As it so happens, according to the Diet and Fitness Journal, one hour moderate weight-lifting (not power-lifting, but not doing wussie rubber-band resistance workouts either) is equal to one hour of briskly walking fields and hills, which I equate to my treadmill’s “hill profile” (which varies the incline in ever-increasing stages). So calorie-burning wise, I’m good to go either way--I’m still working towards my fat-loss objective by doing one or the other; I can alternate days and keep moving towards my objective.

All the experts and books tell you not to do strenuous weight lifting two or more days in a row. The idea behind weight lifting is to tear down muscle tissue and allow it to grow back--when it does, the body will try to compensate by making the muscle stronger. So weight lifting with breaks in between works.

What about the days in between? The “experts” are divided on this: some say do nothing, others say exercising different muscle groups is OK. Again, listen to your body. If you’re too pooped out after one day of lifting and one day of cardio to do another day of lifting, then do something about it: add in a day of complete rest, reduce the time or intensity of lifting or the treadmill, or some or all of the above. Experiment. What works one month may not work the next, or your schedule may dictate which are your rest days. Most importantly: listen to what your body is telling you, and act on it.

Cardiovascular training days are pretty brainless: I turn on The O’Reilly Factor or ESPN, set the treadmill for one hour, and go. My treadmill starts with a slow, easy zero incline warm-up for three to four minutes, then automatically, randomly varies the deck angle from zero up as high as twelve degrees. I start the speed at twenty minutes per mile and work my way up to fifteen or sixteen minutes per mile, so I usually do between 3.0 and 3.25 miles in an hour. The machine tells me I burn between 500 and 700 calories.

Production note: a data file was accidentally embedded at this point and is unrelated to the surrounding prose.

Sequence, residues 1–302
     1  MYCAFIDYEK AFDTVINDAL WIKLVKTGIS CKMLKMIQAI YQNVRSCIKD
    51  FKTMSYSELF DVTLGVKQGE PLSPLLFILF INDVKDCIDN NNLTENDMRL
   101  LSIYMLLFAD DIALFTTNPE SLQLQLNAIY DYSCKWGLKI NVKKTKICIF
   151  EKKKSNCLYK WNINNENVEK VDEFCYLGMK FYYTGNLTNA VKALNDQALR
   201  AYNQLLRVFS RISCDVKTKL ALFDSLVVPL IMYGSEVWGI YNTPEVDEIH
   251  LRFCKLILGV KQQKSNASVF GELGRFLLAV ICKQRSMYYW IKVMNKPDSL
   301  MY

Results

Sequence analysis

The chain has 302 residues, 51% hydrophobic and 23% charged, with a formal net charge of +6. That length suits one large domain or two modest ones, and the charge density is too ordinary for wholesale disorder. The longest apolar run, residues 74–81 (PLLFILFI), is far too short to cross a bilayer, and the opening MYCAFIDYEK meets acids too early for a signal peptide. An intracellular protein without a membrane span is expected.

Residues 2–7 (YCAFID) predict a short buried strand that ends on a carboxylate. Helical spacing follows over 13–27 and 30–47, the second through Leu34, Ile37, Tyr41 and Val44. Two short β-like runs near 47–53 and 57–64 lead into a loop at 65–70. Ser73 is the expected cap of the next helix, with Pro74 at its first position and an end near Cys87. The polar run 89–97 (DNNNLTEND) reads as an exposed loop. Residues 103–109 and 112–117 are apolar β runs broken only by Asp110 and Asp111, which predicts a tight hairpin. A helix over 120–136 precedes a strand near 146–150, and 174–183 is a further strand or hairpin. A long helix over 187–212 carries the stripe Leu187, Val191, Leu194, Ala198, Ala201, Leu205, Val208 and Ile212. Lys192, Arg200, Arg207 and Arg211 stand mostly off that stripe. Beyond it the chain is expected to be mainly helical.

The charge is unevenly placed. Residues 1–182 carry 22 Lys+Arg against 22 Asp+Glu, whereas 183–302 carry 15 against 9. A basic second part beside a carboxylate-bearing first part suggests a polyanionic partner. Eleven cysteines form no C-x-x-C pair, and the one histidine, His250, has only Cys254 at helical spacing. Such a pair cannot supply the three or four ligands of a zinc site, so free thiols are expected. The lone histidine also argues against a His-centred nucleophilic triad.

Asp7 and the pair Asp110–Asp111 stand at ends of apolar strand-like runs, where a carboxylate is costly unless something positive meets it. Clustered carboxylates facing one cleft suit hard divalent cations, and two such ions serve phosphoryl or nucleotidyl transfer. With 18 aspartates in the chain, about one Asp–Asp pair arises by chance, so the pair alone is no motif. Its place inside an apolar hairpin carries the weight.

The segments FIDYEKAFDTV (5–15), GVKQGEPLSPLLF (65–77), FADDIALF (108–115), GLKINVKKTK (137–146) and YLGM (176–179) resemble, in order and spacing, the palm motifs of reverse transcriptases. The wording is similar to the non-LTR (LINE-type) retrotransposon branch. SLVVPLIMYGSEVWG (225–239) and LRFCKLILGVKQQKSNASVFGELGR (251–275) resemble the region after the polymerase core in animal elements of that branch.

If I had to start over with a new machine, though, I’d go for an elliptical trainer--those machines you usually see at gyms that make it appear as if the user is running in mid-air. There’s no impact, and the upper body gets a slight workout too. It’s also a butt-kicker--fifteen to twenty minutes on an elliptical trainer is a good solid workout. An elliptical trainer burns 40% more calories than a hill-climbing treadmill, so I might even go for shorter periods.

But what I really love is weight training.

Of course, you can just march into any gym, sit down on a machine, work it around, figure out how it works, and go for it. Yield not to temptation. It is surprisingly easy and shockingly painful to screw up your muscles, joints, or even bones by using a machine the wrong way.

The best way to learn to use all that equipment in the gym or all the different exercises on your Bowflex: hire a trainer.